Gossaert, 'An Elderly Couple', about 1520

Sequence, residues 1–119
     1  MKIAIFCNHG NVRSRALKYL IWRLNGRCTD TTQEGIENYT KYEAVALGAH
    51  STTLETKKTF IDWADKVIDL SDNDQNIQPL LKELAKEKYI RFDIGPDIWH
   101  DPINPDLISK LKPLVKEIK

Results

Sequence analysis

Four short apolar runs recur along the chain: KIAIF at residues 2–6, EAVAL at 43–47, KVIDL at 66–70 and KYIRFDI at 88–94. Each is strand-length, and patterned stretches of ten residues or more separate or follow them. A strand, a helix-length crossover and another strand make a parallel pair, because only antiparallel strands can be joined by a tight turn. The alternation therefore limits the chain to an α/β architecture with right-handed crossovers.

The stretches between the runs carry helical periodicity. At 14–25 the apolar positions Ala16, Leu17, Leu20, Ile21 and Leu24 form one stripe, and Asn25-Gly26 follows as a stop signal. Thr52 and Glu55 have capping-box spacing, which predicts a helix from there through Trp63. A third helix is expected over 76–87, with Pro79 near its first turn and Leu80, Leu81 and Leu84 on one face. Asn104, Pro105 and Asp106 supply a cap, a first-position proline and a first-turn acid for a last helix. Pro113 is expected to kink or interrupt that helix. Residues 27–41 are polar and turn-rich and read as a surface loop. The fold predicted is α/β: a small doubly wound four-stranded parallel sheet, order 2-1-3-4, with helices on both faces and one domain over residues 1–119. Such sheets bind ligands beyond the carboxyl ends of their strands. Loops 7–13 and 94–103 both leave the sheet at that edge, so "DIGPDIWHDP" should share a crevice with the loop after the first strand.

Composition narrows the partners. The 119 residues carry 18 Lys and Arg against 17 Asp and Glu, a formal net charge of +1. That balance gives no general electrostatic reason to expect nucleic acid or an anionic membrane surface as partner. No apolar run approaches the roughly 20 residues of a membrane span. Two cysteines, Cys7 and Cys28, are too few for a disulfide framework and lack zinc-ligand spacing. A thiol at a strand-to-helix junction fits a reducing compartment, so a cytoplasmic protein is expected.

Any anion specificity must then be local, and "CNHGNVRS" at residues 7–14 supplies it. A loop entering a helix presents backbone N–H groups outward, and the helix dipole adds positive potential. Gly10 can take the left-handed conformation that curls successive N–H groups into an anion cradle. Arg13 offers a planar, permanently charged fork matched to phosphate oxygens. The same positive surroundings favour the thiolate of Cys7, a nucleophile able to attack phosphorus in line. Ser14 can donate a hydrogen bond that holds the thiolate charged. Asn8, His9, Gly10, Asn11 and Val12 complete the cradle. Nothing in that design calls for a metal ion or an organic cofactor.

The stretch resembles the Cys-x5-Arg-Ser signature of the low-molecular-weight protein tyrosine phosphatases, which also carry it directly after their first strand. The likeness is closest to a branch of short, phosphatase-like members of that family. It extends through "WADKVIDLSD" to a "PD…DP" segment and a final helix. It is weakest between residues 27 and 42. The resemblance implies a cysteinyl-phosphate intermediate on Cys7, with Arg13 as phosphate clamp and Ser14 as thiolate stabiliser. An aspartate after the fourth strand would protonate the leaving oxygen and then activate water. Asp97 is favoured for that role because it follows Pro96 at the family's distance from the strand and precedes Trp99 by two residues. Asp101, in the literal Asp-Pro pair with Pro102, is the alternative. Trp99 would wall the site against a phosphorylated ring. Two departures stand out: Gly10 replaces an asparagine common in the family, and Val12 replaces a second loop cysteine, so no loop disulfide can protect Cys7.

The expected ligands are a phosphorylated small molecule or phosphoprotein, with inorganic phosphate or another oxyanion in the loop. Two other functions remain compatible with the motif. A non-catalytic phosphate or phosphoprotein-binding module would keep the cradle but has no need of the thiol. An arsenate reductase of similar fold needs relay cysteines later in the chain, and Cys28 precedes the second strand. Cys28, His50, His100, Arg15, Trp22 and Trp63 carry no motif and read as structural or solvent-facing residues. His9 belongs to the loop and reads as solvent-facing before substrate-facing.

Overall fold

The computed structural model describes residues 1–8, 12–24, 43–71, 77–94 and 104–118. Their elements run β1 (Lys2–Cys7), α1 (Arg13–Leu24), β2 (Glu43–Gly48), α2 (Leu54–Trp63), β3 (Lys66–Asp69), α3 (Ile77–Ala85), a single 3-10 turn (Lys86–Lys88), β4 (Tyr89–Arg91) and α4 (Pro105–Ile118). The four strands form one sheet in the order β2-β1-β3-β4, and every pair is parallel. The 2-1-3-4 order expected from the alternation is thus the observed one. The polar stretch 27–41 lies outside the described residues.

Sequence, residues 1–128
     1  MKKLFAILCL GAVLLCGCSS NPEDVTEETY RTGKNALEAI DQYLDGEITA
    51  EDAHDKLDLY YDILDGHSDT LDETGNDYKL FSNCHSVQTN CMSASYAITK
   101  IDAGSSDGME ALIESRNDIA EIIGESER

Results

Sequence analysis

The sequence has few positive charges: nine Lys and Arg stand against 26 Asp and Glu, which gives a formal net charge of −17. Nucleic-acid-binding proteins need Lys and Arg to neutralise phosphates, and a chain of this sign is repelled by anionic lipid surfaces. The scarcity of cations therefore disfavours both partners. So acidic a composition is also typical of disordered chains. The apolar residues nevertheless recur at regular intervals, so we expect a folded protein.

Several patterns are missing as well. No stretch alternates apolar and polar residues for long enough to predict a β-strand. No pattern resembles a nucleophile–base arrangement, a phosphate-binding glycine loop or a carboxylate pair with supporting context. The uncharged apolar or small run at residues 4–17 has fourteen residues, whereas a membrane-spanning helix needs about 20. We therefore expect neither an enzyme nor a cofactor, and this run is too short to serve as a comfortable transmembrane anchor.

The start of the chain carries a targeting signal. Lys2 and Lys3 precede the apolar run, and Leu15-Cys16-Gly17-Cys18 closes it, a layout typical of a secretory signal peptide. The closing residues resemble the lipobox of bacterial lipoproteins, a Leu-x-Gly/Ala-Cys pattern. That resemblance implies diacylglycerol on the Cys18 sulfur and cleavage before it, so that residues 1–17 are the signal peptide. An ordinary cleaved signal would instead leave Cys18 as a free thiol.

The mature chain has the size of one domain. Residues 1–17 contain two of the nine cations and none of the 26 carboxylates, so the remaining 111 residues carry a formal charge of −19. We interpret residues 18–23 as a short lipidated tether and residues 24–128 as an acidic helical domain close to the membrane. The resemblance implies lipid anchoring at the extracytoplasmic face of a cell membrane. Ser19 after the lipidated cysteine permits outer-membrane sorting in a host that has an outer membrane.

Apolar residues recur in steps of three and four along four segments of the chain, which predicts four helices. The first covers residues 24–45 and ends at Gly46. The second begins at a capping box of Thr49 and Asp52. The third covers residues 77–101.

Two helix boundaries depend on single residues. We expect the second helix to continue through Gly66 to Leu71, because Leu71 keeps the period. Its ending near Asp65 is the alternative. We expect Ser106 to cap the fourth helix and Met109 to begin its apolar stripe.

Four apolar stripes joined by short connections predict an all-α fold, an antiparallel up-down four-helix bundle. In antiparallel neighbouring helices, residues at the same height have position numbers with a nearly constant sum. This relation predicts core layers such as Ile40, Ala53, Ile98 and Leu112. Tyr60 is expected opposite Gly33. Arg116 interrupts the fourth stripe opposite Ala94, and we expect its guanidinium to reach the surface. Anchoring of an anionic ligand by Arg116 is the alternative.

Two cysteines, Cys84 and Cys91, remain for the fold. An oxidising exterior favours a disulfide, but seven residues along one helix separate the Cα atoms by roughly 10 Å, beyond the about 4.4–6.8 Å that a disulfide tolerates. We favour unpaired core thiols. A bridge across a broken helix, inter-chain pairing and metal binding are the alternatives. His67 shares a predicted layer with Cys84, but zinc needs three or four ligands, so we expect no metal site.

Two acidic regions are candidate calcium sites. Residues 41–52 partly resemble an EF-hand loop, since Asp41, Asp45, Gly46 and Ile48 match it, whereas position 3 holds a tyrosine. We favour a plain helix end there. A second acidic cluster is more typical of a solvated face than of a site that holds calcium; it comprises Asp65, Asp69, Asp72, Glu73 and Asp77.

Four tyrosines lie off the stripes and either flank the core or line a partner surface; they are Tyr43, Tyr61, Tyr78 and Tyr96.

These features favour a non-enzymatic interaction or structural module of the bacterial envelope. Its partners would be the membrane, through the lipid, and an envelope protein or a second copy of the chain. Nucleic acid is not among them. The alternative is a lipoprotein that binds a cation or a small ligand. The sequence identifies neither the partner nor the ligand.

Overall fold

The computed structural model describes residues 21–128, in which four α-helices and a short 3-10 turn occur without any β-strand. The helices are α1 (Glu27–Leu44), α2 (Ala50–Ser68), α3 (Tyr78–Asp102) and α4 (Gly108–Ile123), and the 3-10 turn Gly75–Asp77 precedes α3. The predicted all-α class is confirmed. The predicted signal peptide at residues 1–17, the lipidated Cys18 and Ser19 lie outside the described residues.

I asked him to keep on his coat, when he came in early this morning not telling me where he had spent the night; so his crumpled shirt wouldn’t show underneath. Of iniquity we argued then, and he was thumping his stick onto the tiles. But I can guard my tongue when necessity demands it and from the walnut wardrobe in the hall, my father’s wedding present, its doors creaking, swinging open, I took my own coat. As if we wanted to go for a walk along the canal on this sunny morning. My father didn’t expect I would have just the trim of a good life when he promised the hand of his daughter to a foreigner, the man beside me, who didn’t see we have it inside us, the cold. I did not look at his hand that should hold mine. I wish I had had a child.